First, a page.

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Boiling Point Determination
Similar to the melting point, the boiling point is a physical property. If the sample is a pure compound, then the boiling point can be used to determine the identity of the compound. Ultimately, experimentally determining the exact boiling point is challenging. Like melting points, experimental boiling points are given as a range and vary by a few degrees from the actual literature value.
To understand why a solvent boils, which is characterized by the familiar bubbling of the solution, it is important to understand the dynamics between the liquid and gaseous phases. Consider a pure liquid compound in a sealed container. Some of the molecules at the surface of the liquid will have enough energy to overcome intermolecular forces and enter the gaseous phase. However, molecules in the gas phase may also lose energy and condense back into a liquid. Therefore, there are two competing processes in this system: evaporation and condensation.
When the rate of evaporation is equal to the rate of condensation, the system has reached a state of equilibrium. This means that for every molecule that enters the gas phase, another one condenses to the liquid phase, and there is no net gain or loss of the liquid or gas amount in the container. Once equilibrium has been established, the pressure exerted by the vapor above the liquid is called the vapor pressure. The tendency for a liquid to vaporize is called its volatility. A more volatile liquid has a higher vapor pressure, while a less volatile liquid has a lower vapor pressure.
Vapor pressure varies by temperature. If you increase the temperature of the solution, more molecules have enough energy to escape the liquid phase, and thus the vapor pressure increases. Ultimately, if enough heat is applied, molecules that are not at the interface between the liquid and gas will transition into the gas phase and form the familiar bubbles we associate with boiling.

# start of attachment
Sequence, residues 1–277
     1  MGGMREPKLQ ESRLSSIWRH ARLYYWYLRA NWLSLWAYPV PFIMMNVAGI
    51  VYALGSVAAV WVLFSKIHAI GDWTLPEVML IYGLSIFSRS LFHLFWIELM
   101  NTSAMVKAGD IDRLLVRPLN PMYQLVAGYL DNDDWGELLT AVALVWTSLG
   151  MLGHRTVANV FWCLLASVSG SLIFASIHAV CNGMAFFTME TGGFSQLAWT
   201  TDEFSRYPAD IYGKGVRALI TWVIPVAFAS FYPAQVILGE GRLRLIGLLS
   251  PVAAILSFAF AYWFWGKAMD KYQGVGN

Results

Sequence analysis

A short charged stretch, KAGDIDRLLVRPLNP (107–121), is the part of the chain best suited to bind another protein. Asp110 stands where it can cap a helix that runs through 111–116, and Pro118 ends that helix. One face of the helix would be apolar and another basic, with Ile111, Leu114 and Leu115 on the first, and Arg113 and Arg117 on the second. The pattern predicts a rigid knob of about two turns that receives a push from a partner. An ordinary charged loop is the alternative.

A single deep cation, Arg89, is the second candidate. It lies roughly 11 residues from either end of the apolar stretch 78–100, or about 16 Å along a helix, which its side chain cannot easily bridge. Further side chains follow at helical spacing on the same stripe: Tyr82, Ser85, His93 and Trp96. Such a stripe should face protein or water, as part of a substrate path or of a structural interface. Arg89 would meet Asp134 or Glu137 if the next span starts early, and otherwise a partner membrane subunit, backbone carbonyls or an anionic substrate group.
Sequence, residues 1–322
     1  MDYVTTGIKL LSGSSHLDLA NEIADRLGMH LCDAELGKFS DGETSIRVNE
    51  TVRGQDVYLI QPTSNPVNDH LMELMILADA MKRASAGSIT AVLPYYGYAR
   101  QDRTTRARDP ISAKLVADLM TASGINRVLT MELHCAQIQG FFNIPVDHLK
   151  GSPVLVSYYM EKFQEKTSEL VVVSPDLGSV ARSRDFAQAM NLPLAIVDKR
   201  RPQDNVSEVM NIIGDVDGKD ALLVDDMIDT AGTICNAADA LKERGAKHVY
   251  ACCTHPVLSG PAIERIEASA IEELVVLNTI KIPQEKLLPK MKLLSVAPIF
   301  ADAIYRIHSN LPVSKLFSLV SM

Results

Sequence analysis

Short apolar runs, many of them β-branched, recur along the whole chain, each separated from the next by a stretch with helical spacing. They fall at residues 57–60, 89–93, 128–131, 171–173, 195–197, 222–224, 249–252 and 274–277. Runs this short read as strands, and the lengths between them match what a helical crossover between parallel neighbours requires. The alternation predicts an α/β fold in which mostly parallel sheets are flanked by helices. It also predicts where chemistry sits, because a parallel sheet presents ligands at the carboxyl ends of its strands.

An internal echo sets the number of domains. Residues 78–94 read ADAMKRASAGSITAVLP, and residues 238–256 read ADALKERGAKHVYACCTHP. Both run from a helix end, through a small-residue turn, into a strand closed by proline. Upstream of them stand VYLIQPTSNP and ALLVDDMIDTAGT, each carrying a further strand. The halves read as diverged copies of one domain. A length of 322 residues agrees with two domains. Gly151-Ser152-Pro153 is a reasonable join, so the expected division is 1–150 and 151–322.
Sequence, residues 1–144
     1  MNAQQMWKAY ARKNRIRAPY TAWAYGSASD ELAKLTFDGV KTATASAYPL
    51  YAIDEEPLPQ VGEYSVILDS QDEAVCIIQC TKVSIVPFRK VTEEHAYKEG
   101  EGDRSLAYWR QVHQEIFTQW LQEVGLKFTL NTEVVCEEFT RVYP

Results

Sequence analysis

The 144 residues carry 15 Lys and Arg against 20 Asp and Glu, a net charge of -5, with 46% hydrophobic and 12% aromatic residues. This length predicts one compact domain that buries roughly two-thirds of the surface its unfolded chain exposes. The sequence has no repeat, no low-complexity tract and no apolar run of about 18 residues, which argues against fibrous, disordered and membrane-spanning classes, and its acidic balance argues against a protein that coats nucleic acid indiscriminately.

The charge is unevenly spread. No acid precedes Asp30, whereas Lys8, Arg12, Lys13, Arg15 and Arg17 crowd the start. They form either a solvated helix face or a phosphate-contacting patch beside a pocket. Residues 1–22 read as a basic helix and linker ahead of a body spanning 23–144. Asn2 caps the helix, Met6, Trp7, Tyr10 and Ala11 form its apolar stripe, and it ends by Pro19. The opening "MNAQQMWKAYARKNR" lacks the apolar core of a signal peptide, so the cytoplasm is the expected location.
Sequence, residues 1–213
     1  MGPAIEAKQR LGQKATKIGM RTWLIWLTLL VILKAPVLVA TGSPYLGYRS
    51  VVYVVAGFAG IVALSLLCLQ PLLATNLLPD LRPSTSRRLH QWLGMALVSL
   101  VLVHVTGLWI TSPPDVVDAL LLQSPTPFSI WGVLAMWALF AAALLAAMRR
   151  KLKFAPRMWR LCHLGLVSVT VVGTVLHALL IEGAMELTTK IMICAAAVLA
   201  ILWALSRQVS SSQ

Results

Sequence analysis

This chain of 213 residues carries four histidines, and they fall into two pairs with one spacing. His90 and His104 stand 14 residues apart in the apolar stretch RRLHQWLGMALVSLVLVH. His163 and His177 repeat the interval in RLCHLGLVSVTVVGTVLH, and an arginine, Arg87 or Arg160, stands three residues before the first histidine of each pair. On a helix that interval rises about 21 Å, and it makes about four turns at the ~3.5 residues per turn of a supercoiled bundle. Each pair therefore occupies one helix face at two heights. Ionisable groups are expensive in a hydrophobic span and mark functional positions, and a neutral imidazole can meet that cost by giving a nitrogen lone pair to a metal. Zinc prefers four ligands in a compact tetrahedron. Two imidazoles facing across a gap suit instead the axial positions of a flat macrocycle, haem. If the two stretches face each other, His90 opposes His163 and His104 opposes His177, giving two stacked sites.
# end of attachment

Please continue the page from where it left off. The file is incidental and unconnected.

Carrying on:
The boiling point of a liquid is reached when the total vapor pressure of the liquid is equivalent to the atmospheric pressure. The temperature at which this occurs is called the boiling point. At higher elevations, and thus a lower atmospheric pressure, a liquid will boil at a lower temperature, as less heat is required to increase the vapor pressure to the atmospheric pressure. Additionally, the volatility, or the ability of a solvent to vaporize, also impacts the vapor pressure. Solvents with high volatility have higher vapor pressure than solvents with lower volatility.
Factors that Impact Boiling Point
The similarity between melting points and boiling points means that the same factors that impact the melting point of a compound will also impact the boiling point. Therefore, the strength and types of intermolecular forces that are found within the liquid compound will affect the boiling point. Recall that there are three types of molecular forces: hydrogen bonding, dipole-dipole interactions, and London Dispersion forces. Each of these has different attraction strengths and require different amounts of energy to overcome. Compounds that can hydrogen bond will have higher boiling points than compounds that can only interact through London dispersion forces. An additional consideration for boiling points involves the vapor pressure and volatility of the compound. Typically, the more volatile a compound is, the lower its boiling point.
The Capillary Method to Determine Boiling Point
A simple method for determining the boiling point of an organic compound is to utilize the capillary method. In this setup, an empty glass capillary tube is inverted into a container of the pure compound in the liquid phase. As the liquid is heated, the vapor pressure of the sample increases and gaseous vapor starts to enter the glass capillary tube. This forces out the air trapped inside and results in bubbles emerging from the bottom of the capillary tube. At this point, the liquid is allowed to cool. Once the vapor pressure of the sample is the same as the atmospheric pressure inside the glass capillary tube, liquid will begin to enter the tube. The temperature of the solution when this phenomenon occurs is the boiling point of the liquid compound.
Liquids are held together by weak interactions between their molecules. To transition to the gas phase, a molecule must gain enough energy from heat or other sources to overcome these interactions.
Let's consider a closed container of a pure liquid at room temperature. Some of the liquid phase molecules at the surface gain enough energy to evaporate, and some of that vapor loses energy and condenses back to liquid. When the rates of evaporation and condensation are the same, the liquid and vapor reach equilibrium. At this point, t.......
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